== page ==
I base this on never having read a story in the 5s that I've really enjoyed and generally though not always there is a close correlation for me on score vs enjoyment reading.

Your most recent story 'Tomorrow is another day' is actually a good example as I've not come across any of your stories before.

The story is on the cusp:

- You have written an excellent 'blurb' (in particular it reads well and doesn't have any major grammatical red flags or typos).

- None of your stories have been reviewed.

- Given that it is a do-over (a very popular category) 6.15 is little lowish as even poor do overs generally score well.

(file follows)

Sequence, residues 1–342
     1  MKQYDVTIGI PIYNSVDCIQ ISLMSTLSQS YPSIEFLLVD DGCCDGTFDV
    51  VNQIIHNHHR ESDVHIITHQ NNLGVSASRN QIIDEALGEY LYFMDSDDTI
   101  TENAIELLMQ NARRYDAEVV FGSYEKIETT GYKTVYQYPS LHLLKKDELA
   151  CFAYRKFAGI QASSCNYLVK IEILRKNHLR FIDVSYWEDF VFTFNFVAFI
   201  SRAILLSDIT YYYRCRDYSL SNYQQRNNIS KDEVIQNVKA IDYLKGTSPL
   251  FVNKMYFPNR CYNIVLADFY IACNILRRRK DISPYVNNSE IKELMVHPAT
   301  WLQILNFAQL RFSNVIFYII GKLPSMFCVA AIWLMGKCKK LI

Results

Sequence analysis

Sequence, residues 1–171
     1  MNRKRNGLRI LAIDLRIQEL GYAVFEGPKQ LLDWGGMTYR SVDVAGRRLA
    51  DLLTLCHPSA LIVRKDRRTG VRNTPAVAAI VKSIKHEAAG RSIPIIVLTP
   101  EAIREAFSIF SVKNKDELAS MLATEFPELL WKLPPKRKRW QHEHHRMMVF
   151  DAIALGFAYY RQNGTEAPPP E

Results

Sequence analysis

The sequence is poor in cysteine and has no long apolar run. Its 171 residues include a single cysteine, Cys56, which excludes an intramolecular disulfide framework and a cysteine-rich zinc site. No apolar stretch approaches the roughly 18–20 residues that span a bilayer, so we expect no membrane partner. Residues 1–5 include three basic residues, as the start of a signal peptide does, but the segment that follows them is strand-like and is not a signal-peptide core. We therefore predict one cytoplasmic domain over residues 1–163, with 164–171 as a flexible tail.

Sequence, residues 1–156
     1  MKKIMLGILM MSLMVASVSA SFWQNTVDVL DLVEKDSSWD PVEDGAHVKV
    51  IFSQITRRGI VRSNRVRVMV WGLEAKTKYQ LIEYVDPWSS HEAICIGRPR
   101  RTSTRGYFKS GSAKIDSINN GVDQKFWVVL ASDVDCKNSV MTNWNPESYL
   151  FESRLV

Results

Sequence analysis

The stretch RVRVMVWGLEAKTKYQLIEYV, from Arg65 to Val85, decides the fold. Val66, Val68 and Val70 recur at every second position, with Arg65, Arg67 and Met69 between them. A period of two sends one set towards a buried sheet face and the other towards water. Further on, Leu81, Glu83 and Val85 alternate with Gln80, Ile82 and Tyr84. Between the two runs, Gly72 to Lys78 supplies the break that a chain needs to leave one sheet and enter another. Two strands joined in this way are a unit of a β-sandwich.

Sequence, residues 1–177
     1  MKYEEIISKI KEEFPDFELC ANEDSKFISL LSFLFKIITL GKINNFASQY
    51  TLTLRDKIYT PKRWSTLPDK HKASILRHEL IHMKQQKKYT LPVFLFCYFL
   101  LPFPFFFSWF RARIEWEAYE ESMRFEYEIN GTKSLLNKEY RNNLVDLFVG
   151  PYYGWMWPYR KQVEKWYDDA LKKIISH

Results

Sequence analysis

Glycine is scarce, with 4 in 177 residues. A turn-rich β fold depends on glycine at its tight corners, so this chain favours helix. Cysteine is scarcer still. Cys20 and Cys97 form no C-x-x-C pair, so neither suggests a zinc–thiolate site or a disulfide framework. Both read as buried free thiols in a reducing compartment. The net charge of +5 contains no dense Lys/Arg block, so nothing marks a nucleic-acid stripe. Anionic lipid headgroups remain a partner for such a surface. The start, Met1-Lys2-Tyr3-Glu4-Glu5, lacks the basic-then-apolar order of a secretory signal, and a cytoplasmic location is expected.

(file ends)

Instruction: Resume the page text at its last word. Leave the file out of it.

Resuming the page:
However I am in the process of downloading it and will read it over the next couple of days.

When I'm finished I'll give you my honest feedback (privately) and with your permission will post it to this thread for my feedback to be critiqued :)

As a bonus if I enjoy the story I will write a review!

ETA:

- Number of votes is generally irrelevant when I consider scores.

- Even a good score is no guarantee that I'll read something. A good example was Argon - the scores were excellent and the blurbs were well written but the subject matter didn't initially appeal to me so he/she went unread for over a year. Of course once I download one to read I was hooked and my reading for the next month was sorted :)

ETA2:
If a story is less than 100 kb I never read.

Replies:   Lugh  Lugh
io.thanateros

@Ross at Play

I think this is spot on. My reluctance on posting 'negative' feedback is twofold: